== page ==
Gemba walks are an important part of any continuous improvement effort. They involve leaders, managers, and supervisors going to the place where work is done to observe and identify potential opportunities for improvement. (If the approach is new to you, check out our beginner’s guide.)
Whether you’re about to make your first Gemba walk or your 100th, here’s a reminder about what, and possibly who, you’ll want to bring.
A way to log observations – While we risk stating the obvious here, a way to jot down your observations is essential because the time to react to what you observe is after your Gemba walk, not during it. You’ll need a way to remember what you saw and thought. Ideally you'll be able to submit your observations into a continuous improvement platform via a cell phone or tablet so that you can follow up on them later, track their implementation, and record the impact of your Gemba walk. A pen and paper will do in a pinch, but make sure that you still follow up on them afterward.
A camera – It may be very useful later to browse through a gallery of images or maybe even a few quick bits of video. Be sure to be respectful of any people you might photograph. If cameras are not appropriate for your workplace, some graph paper for sketching out the layout of people and equipment may be useful.
An open mind – You don’t want your observations to be tainted by preconceived notions. For example, don’t assume that work is being performed to the Standard or that each person performs each task in the same manner.
Your inner child – You want to ask about as many questions as a three year old at the zoo. “Why,” is perhaps the most powerful, but, “what, when, how, and who,” are also essential.
A smile – A Gemba walk is not the time for discipline or performance reviews. You want employees to feel comfortable showing you exactly how tasks are managed.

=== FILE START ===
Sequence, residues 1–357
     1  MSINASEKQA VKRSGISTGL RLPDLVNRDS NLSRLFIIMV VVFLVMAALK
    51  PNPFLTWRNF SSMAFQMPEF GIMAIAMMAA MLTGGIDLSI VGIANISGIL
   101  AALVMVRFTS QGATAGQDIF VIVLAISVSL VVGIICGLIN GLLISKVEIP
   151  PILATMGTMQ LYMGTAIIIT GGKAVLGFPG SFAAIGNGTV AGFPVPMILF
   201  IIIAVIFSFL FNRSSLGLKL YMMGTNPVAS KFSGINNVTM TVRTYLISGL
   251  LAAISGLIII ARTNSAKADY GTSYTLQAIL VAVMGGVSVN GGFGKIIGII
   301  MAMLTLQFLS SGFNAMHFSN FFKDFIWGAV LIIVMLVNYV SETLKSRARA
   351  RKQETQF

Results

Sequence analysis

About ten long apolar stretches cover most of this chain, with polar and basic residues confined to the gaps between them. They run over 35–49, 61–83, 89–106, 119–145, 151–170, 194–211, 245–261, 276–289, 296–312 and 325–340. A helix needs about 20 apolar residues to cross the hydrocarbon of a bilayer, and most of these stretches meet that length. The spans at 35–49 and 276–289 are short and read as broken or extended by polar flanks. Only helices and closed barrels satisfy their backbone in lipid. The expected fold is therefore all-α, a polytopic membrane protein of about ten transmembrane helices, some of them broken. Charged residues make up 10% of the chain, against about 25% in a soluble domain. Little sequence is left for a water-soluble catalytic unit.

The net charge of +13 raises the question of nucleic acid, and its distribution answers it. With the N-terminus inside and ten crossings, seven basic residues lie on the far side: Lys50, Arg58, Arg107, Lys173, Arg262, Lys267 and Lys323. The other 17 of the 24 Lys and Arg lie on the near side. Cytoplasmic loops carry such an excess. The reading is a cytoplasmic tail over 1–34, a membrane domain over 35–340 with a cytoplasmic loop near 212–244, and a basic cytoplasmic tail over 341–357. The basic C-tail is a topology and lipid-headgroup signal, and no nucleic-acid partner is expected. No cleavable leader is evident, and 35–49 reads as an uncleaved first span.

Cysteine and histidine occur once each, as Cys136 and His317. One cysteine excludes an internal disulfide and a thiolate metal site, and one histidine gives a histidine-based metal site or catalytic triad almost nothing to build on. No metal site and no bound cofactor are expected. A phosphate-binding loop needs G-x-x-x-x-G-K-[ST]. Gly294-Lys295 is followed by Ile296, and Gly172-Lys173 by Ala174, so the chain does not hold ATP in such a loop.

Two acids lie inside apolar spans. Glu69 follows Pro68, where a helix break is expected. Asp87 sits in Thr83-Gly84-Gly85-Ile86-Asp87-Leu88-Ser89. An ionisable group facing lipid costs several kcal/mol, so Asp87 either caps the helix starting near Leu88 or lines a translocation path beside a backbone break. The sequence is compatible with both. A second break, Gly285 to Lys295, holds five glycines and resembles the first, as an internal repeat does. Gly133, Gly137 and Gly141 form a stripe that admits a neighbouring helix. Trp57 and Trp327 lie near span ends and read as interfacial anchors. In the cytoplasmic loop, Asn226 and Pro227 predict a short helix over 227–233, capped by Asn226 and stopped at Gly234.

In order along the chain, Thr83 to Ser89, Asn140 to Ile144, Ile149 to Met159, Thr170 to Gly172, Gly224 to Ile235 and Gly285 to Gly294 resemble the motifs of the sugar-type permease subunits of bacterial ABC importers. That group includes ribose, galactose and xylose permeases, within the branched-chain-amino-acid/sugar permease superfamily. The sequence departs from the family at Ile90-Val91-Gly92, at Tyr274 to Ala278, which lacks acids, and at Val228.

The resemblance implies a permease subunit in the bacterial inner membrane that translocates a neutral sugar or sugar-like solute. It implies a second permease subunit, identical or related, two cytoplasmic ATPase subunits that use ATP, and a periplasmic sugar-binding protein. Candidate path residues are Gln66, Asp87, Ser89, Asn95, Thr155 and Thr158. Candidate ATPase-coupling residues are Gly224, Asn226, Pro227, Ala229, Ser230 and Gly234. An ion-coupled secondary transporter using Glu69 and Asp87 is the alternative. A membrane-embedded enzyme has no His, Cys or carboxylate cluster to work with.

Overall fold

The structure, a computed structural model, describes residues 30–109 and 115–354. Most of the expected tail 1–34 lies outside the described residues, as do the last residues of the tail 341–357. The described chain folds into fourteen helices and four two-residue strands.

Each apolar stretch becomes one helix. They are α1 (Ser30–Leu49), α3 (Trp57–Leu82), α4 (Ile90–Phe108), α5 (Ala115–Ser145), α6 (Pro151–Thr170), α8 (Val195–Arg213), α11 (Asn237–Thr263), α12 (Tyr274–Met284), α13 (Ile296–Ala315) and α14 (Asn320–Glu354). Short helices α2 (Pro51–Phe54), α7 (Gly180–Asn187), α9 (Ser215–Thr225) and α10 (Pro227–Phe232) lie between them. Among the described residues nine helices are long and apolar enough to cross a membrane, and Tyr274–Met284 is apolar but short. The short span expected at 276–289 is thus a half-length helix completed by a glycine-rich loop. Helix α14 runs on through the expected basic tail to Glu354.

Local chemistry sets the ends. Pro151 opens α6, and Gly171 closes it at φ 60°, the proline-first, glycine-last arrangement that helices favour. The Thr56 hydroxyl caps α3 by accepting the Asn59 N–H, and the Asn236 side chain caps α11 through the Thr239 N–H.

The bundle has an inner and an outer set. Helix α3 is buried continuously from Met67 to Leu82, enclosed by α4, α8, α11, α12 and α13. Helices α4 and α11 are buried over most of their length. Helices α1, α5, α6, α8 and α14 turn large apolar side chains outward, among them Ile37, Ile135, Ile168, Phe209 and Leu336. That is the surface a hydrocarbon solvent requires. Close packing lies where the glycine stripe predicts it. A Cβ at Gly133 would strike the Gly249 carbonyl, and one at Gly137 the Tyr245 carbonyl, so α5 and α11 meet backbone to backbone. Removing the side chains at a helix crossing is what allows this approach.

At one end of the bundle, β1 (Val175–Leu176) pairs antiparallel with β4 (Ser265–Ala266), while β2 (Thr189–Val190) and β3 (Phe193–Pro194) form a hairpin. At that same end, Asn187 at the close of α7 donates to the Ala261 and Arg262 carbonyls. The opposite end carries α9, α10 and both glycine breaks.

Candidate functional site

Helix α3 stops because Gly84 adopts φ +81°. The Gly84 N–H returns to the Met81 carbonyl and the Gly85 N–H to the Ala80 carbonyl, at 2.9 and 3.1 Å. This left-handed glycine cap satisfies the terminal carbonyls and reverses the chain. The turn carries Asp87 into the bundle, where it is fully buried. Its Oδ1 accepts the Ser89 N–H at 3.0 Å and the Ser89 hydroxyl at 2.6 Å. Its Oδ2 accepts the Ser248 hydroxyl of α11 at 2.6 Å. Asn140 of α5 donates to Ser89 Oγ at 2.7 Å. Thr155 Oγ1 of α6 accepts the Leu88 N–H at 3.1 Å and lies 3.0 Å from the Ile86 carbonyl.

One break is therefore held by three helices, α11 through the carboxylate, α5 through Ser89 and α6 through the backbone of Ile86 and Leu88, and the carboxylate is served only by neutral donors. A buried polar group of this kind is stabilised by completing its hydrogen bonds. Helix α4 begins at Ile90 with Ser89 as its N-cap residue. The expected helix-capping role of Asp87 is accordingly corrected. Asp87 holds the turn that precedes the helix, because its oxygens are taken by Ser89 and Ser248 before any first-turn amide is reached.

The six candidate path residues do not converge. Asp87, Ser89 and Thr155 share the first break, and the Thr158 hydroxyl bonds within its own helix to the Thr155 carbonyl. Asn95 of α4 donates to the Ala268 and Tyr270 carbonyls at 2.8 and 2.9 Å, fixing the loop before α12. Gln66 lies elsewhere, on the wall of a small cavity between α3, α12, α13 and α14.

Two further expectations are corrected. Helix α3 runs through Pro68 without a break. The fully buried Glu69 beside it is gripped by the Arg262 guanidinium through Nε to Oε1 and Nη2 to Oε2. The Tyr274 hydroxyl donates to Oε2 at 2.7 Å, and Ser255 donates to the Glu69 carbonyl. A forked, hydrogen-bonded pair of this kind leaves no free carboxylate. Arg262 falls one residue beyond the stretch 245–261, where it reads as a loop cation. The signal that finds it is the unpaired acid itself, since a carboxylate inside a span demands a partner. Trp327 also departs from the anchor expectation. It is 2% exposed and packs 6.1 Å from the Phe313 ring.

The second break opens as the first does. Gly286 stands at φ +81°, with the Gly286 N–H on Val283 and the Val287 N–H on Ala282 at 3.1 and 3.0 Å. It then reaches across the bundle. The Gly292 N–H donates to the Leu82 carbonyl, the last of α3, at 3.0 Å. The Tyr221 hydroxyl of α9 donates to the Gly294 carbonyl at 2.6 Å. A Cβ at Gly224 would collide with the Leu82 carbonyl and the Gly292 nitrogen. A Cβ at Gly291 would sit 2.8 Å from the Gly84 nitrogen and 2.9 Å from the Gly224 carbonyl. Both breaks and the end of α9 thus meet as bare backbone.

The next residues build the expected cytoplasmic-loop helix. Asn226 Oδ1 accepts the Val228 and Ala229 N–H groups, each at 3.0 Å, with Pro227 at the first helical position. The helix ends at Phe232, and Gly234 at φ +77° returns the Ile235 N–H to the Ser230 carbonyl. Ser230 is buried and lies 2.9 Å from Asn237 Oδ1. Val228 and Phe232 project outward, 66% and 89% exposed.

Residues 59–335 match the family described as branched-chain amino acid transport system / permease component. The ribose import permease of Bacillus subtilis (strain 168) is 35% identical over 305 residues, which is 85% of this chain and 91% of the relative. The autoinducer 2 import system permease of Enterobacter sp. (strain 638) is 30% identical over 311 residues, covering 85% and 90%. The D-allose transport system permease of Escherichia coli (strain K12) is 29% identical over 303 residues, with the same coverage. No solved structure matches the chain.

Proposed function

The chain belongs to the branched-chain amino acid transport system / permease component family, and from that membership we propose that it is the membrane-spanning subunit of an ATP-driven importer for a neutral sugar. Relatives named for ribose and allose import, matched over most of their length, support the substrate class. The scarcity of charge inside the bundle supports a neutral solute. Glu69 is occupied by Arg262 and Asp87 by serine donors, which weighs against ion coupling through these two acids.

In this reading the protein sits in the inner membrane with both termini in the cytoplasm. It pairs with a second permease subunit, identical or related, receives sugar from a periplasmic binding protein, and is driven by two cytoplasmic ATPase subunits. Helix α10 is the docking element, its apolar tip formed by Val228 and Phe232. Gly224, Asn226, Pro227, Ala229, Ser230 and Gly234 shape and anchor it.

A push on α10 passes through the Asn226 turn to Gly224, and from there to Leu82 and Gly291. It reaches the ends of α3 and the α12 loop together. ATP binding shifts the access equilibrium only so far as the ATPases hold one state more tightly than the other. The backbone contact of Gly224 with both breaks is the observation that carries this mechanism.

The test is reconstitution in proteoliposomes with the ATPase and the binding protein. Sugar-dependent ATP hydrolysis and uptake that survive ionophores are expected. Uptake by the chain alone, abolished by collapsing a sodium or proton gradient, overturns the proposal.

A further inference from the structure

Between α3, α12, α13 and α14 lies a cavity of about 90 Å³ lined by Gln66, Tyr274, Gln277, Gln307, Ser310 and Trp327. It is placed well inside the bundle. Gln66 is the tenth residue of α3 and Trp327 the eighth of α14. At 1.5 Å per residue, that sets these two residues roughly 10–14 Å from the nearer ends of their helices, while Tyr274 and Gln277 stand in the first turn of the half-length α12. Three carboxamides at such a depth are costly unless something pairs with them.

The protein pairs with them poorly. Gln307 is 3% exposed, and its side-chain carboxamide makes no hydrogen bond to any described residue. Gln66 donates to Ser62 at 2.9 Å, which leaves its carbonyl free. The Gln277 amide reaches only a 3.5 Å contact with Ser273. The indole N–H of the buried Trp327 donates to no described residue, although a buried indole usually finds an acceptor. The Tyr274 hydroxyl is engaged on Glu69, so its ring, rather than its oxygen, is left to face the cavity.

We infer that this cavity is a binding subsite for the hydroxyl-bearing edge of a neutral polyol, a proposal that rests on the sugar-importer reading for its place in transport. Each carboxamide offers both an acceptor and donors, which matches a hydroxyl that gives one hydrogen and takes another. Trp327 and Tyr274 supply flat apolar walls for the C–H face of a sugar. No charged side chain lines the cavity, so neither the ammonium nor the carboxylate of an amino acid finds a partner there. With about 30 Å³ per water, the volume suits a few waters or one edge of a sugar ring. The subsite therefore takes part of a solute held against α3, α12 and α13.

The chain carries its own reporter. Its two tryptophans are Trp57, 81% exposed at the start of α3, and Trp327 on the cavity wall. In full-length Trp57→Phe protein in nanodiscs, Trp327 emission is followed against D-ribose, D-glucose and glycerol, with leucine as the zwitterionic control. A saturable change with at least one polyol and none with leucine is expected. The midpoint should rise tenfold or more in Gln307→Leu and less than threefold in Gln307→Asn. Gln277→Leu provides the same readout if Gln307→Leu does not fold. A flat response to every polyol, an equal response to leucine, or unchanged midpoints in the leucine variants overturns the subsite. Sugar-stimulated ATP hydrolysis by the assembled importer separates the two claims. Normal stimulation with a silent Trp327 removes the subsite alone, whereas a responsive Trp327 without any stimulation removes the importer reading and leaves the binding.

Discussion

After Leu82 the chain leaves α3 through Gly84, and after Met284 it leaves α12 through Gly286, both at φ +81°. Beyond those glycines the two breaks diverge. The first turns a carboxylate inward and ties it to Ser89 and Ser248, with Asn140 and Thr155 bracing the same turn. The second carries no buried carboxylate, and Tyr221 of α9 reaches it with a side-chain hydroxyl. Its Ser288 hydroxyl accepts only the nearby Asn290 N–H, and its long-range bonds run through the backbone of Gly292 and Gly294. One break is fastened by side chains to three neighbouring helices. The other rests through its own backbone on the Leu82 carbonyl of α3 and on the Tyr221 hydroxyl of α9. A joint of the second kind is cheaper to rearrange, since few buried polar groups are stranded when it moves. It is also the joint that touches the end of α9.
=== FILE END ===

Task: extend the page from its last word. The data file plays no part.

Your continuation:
It might not always be necessary or appropriate to bring someone along on your Gemba walk, but having a guest from time to time can be useful for both of you. Think about asking one of these folks to join you:
A peer from another department – It is easy to become so conditioned to problems that we see frequently that we don’t even notice them. A second set of eyes, less familiar with the processes and tasks of your team might be very valuable, especially if you take frequent Gemba walks.
A vendor – If your team uses equipment, consumable products or software, it might be useful to invite the vendor along on your walk. They may be able to suggest best practices or notice errors in how the product is being used. They may even uncover ways that they could improve the product to better fit your needs.
A customer – This might be controversial, and it certainly isn’t always a good idea, but today’s customers value transparency and they are often interested in seeing how the sausage is made, so to speak. They may also be able to identify things that they value less than you think.
One of your sales representatives – It is important that the people who pitch your product to customers know how it is created and understand how every part of the process relates directly to customer value.
Download this free guide to learn how to have Gemba Walks that actually result in improvement: